Searching For My Lost Sexy


I hear a lot of women talk about how much their body has changed since giving birth and I never truly appreciated this until I experienced it myself. I used to love my breasts. I probably still do but they have changed so much since having my daughter. They’ve grown; they leak; the size varies depending on whether I’ve breast fed or pumped yet. There is nothing sexier than a nursing bra with wet spots. Actually, everything is sexier than that right now and therein lies my problem. I want my sexy back! I need my sexy back. My sexy was everything to me. I wore the best outfits, got the best compliments and now no one notices me. They want to see a picture of my beautiful daughter. Don’t get me wrong, I love that people want to ask about her but what about me? What about my wants, what about my needs? What about stroking my ego just enough so that I almost believe there is something sexy left in me. Help me believe that my body hasn’t gone from an incubator to a milk market!

Most days I consider myself a Feminist, maybe a Womanist on others. Through this evolution of myself, I acknowledge the history of hypersexualized and degrading images of women of color, specifically Black women. I value the global and historical perspective that those bodies have been exploited for profit and I don’t want to minimize the agency of any of those bodies. None of this knowledge has helped me process how I feel about the changes in my body; changes that I have no control over. Changes that don’t usually do positive things for my self-esteem or encourage a positive self image. I used to be comfortable with my body because it exemplified those very things that my feminist self knew could be damaging to perpetuate. It’s easy to be comfortable when you embody the stereotypes. But then pregnancy happens and everything changes. You are looked at as a vessel and your body is not your own. It’s also not so encouraging hearing that all women experience this or that you can exercise or eat differently or wear girdles to put everything back to the way it was.  What’s less encouraging is realizing all the empowerment in the world will not change who you see when you look in the mirror. 

It’s very difficult to walk a line between wanting to be empowered and not caring much about fighting the patriarchy if you could just stop your breasts from leaking every time a baby cries. I want to feed my child but I also want a sexy bra that makes me feel like I used to. It’s not just the breasts though. All the pregnancy hair growth is done and has since fallen out. My stomach jiggles in ways that I didn’t know was possible and my C-Section scar is actually crooked.  I’m sick of hearing about the snapback that everyone wants post baby. I want to eat fattening food sans guilt and I want my old shoes to fit. Most of all I want to look at myself in the mirror and believe that I’m just as sexy with these changes as I was before them. That’s hard to do some days but it’s important to try because I am raising a Black daughter. A daughter who will look in the mirror and see an image of herself that society may say isn’t beautiful. I’ve scoured the Internet looking for encouragement on how to address my body image woes and I realized that the masses weren’t talking to me. They are talking to the women who want to diet and exercise to get their body back while I want to be the woman who accepts the changes and loves their body regardless. The woman who feels sexy while her breasts leak.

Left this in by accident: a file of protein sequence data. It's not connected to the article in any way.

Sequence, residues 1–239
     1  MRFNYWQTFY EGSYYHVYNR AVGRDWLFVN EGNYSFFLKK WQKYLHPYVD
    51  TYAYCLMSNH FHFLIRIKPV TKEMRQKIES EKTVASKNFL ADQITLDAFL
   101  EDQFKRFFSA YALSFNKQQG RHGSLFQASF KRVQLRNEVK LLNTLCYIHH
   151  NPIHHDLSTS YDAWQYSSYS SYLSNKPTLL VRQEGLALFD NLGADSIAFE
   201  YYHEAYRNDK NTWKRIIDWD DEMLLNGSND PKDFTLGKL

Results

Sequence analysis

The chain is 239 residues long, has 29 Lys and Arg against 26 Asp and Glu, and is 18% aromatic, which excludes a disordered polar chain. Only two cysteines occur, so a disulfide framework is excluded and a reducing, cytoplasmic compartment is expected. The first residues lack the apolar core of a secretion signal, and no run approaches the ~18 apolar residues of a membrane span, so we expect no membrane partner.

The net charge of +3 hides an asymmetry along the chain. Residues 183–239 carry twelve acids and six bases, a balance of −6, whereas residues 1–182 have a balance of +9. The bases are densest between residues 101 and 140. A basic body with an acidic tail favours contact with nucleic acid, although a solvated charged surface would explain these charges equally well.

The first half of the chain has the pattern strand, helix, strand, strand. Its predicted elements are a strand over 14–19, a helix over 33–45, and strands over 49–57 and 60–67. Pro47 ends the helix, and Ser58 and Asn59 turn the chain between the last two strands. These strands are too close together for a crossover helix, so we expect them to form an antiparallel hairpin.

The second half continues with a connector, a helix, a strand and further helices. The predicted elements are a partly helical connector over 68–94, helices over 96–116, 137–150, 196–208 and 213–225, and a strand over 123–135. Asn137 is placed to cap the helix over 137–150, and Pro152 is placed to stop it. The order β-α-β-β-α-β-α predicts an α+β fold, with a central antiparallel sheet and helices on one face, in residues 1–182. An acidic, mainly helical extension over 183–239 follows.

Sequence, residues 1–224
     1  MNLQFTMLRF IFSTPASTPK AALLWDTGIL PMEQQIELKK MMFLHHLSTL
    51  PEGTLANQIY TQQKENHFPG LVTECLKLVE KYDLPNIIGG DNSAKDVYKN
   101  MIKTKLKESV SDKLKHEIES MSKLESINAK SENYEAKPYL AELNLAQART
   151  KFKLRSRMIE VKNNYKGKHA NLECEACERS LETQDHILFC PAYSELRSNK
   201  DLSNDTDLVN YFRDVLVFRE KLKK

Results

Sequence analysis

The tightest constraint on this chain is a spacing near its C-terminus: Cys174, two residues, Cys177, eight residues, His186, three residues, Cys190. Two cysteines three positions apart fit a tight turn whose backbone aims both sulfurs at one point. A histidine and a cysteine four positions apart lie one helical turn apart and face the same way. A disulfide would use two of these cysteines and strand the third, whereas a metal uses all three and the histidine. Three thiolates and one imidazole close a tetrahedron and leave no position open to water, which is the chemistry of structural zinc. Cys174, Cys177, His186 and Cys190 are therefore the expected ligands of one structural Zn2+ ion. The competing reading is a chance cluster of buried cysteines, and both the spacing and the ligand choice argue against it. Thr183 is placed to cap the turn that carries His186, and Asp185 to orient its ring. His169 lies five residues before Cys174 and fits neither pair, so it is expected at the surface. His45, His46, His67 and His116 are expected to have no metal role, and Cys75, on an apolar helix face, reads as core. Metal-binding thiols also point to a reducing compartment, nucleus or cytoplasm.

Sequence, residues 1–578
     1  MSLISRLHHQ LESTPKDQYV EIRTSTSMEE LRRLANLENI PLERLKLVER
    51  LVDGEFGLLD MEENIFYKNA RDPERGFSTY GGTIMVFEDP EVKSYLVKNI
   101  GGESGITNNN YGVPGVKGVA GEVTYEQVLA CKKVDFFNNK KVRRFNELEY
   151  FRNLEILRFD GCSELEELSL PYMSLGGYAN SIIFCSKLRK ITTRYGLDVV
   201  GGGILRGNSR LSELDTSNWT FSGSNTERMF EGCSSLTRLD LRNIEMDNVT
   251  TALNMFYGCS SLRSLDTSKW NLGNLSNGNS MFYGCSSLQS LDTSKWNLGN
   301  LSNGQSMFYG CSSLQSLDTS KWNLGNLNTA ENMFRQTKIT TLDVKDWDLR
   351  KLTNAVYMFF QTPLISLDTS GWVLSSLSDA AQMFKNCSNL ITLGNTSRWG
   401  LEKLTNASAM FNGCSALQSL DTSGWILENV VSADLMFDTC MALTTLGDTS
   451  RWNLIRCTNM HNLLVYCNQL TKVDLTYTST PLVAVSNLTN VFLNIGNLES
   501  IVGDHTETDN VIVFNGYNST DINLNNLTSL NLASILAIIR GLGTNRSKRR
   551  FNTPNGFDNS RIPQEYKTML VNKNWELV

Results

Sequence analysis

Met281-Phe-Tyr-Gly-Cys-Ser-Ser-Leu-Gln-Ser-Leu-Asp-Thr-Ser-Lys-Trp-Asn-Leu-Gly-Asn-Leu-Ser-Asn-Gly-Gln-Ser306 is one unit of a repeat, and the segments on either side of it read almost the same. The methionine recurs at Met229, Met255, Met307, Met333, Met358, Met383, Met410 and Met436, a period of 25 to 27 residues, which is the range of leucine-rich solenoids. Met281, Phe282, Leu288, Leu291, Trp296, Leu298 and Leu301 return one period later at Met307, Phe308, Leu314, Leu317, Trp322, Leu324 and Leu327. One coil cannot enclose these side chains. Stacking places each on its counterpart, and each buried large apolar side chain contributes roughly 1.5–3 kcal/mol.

How do I get there?

    1. Remember that all new mothers experience these thoughts and feelings to some extent. This is typical. What is NOT typical is when these thoughts trigger depression. Seek help if you have chronic, recurring thoughts about your body image, if you constantly feel depressed or are crying incessantly, or if you experience severe dieting or binge eating that lasts more than a week. 

    2. We need to learn to cope with our body image issues. Remember, your post-pregnancy weight doesn’t go away immediately. Stop comparing yourself to other women; we are all unique in our journey and what may have happened to then may not happen for you. Don’t push yourself to exercise too early or too much. If you didn’t run a marathon pre-baby then don’t expect to do it 6 weeks postpartum. Practice self-care. Go get your hair done, nails done, everything did and wear some clothes that fit so you can feel more attractive. This will help you feel better about your appearance. Most importantly, STOP LOOKING AT CELEBRITIES. We are not them. Most of us don’t have nannies and personal chefs and personal trainers. I’ve accepted that I am not really Beyoncé’s cousin. Well not really but I’m ok with not snapping back as quickly as she appeared to have done.

  3.   Lastly, but certainly not least, use your partner, family and friends for the support that they are hopefully offering you. We don’t have to be that Superwoman trope. It’s ok to say, I can’t do this alone. It’s ok to say, I feel insecure about myself. It’s ok to reach out for help when you are overwhelmed. What is not ok is feeling less beautiful than you are undoubtedly are. So put on that nursing bra and look at yourself in the mirror. Remind yourself that while you might not feel so sexy today, that sexy is in there and you’re going to find it and wear it proudly. 


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LaDawn Lanier is a Sexologist, Certified School Psychologist and owner of Lanier Educational Consulting. Lanier Educational Consulting is a private practice that provides sexuality education through individual and couples coaching and workshops. Her goal is to help restore balance to one’s life by listening to the needs of her clients and collaboratively designing a plan that addresses both long and short-term goals. She also offers the support needed to take healthy steps towards meeting those goals and making more meaningful life choices.